House Republicans came up with a bill that recommends even more austerity measures, create a fiscal oversight committee and operates above the elected Puerto Rican government. On June 30, 2016, President Obama signed into law the Puerto Rico Oversight, Management, and Economic Stability Act (PROMESA). Among other provisions, the law establishes a Oversight Board to assist the Government of Puerto Rico dealing with the debt and financial crises. The committee will be composed by seven non-elected members chosen by Congress and the president. Puerto Rico’s governor will sit on the board, but won’t be able to vote.

PROMESA has been denounced as a colonial act. Self-government and sovereignty, within the form of a compact between the United States and Puerto Rico, were the cornerstones of the current political arrangement—at least in the official state narratives. The new law has actually exposed the limits of self-government and the complete absence of sovereignty. This is a political crisis—at least for the supporters of the ELA formula who are 45 to 49% of the Puerto Rican electorate.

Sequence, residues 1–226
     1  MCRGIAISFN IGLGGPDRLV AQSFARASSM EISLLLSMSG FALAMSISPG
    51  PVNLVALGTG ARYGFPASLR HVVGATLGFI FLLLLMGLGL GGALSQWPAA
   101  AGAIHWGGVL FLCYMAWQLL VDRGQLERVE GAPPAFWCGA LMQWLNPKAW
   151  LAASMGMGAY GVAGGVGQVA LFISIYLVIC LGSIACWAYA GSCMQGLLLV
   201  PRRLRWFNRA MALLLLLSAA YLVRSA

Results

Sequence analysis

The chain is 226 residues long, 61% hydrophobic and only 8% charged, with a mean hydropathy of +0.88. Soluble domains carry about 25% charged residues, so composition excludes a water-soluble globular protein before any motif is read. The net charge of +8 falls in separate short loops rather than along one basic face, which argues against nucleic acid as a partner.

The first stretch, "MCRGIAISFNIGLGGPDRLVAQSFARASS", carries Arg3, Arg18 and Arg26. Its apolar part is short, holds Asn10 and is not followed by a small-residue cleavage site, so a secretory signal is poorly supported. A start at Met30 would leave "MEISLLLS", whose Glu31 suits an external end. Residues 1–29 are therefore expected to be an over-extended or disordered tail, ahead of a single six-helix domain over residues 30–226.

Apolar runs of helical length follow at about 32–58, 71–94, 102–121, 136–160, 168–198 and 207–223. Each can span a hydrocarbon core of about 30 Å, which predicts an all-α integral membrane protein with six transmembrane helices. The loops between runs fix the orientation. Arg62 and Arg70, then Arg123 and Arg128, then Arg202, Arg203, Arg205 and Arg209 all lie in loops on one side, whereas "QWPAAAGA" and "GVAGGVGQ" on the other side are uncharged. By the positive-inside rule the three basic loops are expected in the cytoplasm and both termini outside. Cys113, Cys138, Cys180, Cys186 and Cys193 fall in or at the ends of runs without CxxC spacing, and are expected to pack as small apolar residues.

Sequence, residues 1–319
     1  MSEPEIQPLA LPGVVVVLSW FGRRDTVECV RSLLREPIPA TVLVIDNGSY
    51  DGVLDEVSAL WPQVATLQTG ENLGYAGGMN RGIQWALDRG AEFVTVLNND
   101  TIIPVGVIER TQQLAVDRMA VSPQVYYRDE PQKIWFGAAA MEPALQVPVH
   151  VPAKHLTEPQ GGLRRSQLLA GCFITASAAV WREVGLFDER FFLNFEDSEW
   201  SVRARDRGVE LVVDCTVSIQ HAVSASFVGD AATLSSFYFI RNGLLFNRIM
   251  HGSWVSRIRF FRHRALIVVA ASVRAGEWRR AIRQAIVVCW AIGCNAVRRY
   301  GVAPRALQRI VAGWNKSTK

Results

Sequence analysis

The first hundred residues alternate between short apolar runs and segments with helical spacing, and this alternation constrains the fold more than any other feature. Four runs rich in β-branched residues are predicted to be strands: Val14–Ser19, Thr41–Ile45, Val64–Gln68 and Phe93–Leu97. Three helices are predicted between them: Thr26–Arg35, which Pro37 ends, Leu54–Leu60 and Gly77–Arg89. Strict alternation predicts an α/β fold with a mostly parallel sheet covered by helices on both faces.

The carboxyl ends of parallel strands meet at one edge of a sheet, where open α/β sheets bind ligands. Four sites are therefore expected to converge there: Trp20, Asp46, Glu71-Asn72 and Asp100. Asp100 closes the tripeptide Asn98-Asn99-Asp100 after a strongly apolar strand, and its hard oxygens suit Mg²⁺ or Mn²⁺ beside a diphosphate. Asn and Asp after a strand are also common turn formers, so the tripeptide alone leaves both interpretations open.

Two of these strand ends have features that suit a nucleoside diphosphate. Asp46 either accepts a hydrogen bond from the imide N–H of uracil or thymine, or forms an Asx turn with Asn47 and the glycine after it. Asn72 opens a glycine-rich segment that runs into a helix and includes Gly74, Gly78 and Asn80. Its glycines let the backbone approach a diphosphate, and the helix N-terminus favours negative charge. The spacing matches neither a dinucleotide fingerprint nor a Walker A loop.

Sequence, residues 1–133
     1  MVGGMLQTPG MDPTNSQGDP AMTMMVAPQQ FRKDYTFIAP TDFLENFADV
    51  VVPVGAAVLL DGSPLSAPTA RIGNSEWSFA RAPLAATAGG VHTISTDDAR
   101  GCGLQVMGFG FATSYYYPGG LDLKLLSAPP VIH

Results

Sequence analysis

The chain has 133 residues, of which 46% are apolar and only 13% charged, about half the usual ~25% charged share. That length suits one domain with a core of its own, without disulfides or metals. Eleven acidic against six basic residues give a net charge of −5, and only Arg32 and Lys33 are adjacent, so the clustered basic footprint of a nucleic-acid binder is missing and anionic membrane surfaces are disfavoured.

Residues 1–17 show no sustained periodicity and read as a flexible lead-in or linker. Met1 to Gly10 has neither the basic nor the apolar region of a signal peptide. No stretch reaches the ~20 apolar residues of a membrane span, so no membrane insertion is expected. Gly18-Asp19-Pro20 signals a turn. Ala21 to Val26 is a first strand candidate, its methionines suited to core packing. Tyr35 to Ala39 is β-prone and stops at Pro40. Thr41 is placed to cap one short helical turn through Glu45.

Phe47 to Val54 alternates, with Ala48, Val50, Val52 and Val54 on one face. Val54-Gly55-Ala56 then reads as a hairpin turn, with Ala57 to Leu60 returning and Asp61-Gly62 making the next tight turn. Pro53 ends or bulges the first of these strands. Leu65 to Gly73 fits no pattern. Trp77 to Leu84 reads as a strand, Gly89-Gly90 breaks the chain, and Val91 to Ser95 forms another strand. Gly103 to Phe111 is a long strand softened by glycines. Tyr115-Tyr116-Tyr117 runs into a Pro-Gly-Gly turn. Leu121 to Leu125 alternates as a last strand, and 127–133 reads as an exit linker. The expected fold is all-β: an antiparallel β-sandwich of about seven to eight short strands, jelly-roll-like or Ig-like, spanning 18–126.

It is now obvious that Puerto Rico did not become sovereign or cease to be a colony in 1952. Puerto Rico has fallen into a new category. The fiscal board is a colonial imposition but not in the form of U.S. customs receiverships imposed on Caribbean nations in the early 1900s. After all, Puerto Ricans are U.S. citizens and the island is a U.S. territory under international law. Then again, PROMESA is a colonial tool because unlike the American citizens living in Detroit, New York, or California, the inhabitants of the Puerto Rican archipelago do not have real representation in Congress which means they don’t have (and never had) a say in affecting the laws and policies that shape their lives. That includes PROMESA.

[1] “Puerto Rican Labor Force Participation Rate,” Trading Economics.